Fortnite is an Early Access co-op survival sandbox game currently being developed by Epic Games and is set to see a full release in 2018. Whilst the game has been remarkably popular, especially for its recently released Battle Royale mode, it has caused some controversy after Epic Games decided to sue two players who were accused of using the website Addicted Cheats to gain an unfair advantage.
Lawsuits are never a pretty thing, especially when it’s a developer suing a player, but it has at least been announced that one of the two lawsuits has been settled. Epic Games filed civil complaints against the two players back in October and claimed the two players had reverse engineered the game’s code, an act which violates Epic Games’ Copyright Act.
The first lawsuit, filed against a player named Charles Vraspir, who is known as ‘Joreallean’ on Fortnite was settled after, as TorrentFreak reports, Vraspir agreed to a permanent injunction which will see him fined $5,000 if broken. Vraspir was apparently banned from Fortnite nine times but persisted in creating new accounts. A full copy of the injunction can be read via TorrentFreak.
The second lawsuit is perhaps more controversial as it was filed against a 14-year-old and is still to be concluded. Caleb Rogers, known online as ‘Sky Orbit,’ was accused of cheating and of uploading videos onto YouTube showing how he cheats. Epic Games issued a DMCA take down which Rogers contested, prompting Epic to take legal action.
Epic told Polygon: “This particular lawsuit arose as a result of the defendant filing a DMCA counterclaim to a take down notice on a YouTube video that exposed and promoted Fortnite Battle Royale cheats and exploits. Under these circumstances, the law requires that we file suit or drop the claim.”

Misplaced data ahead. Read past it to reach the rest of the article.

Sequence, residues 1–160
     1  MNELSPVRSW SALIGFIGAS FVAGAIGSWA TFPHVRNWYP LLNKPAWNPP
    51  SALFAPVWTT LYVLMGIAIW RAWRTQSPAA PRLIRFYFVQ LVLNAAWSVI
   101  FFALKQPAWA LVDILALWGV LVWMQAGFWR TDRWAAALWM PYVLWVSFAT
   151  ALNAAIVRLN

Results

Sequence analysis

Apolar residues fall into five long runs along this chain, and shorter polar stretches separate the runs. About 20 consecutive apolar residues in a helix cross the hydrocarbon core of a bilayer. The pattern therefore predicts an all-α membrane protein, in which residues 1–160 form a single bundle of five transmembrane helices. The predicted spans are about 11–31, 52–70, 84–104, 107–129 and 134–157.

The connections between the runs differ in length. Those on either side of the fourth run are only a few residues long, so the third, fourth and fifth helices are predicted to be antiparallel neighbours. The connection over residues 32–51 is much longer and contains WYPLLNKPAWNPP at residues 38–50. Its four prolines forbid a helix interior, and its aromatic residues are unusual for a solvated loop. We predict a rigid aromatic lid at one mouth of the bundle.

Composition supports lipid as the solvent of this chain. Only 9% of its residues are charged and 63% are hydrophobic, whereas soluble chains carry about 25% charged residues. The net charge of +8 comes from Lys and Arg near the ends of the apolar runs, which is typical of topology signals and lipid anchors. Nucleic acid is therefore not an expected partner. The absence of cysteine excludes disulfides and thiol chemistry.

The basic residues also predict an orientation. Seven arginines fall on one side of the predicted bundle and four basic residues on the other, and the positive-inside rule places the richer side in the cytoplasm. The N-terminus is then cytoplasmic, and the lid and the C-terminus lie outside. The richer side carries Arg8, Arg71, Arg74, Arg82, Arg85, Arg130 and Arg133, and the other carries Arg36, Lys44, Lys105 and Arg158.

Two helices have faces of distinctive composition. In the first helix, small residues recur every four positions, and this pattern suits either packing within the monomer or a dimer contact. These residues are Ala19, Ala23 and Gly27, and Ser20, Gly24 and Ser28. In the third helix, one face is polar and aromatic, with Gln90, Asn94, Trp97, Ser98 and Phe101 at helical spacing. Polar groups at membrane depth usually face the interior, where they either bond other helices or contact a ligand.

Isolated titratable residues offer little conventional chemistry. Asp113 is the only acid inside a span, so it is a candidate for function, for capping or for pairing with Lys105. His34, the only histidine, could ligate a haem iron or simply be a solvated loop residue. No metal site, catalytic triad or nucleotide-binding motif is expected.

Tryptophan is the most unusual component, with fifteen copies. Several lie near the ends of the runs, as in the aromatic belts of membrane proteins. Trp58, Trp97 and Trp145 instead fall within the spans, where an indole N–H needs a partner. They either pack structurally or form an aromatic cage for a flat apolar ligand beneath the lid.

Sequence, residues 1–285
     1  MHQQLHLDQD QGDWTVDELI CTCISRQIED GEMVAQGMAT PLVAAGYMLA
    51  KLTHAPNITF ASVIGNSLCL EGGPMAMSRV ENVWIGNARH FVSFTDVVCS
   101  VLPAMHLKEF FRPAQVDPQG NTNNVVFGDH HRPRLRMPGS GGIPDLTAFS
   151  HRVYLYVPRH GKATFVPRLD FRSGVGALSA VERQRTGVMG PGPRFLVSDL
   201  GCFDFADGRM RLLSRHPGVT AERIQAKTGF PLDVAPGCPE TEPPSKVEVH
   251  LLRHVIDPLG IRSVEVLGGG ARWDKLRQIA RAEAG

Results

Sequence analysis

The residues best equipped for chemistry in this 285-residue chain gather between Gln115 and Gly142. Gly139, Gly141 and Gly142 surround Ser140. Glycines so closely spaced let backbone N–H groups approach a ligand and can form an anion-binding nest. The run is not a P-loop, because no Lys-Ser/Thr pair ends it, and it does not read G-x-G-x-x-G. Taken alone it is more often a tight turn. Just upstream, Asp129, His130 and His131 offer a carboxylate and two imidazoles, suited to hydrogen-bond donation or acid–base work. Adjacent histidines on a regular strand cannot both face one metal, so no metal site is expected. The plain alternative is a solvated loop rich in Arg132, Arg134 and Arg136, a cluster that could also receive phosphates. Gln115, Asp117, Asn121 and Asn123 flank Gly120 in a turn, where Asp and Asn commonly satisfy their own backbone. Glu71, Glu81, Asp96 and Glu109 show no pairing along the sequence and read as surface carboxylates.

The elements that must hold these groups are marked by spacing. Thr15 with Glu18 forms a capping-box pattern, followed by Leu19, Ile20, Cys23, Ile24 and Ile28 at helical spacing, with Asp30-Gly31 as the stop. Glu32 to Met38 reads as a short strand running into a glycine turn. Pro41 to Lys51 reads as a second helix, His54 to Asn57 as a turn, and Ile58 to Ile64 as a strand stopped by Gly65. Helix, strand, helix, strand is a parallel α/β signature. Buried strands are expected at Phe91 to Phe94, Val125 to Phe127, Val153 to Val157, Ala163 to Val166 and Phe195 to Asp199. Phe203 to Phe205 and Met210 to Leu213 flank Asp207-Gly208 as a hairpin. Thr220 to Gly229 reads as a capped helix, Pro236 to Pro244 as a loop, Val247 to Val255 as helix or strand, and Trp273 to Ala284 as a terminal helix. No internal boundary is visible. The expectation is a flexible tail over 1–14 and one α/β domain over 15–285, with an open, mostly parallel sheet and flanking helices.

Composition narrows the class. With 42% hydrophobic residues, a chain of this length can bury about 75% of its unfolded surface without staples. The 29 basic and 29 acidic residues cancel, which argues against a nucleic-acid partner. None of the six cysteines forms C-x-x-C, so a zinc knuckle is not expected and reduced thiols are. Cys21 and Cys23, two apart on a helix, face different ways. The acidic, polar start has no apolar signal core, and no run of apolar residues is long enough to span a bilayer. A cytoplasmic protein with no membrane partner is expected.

Rogers’ mother, Lauren Rogers, responded to the lawsuit, writing to the court: “This company is in the process of attempting to sue a 14-year old child. They are claiming he prepared derivative works based upon a copyrighted work and publicly performed and displayed this as such. They are also claiming he ‘modified their game’ to use a cheat and live streamed it. This would, of course, fall under the Copyright Act if he did in-fact modify their game.”
“Epic Games Inc failed to legally bind underage users with their EULA agreement which is a contract between the licenser and purchaser, establishing the purchasers right to use the software. This being said, the game itself was in-fact free. No purchase of said game occurred.”
She has asked the court to dismiss the case. Epic Games has responded (via TorrentFreak) by stating it was unaware of Rogers’ age when the complaint was filed. Epic Games will now only use the child’s initials, though his name has already been outed by his mother. It remains to be seen how the court will come down on this pending case.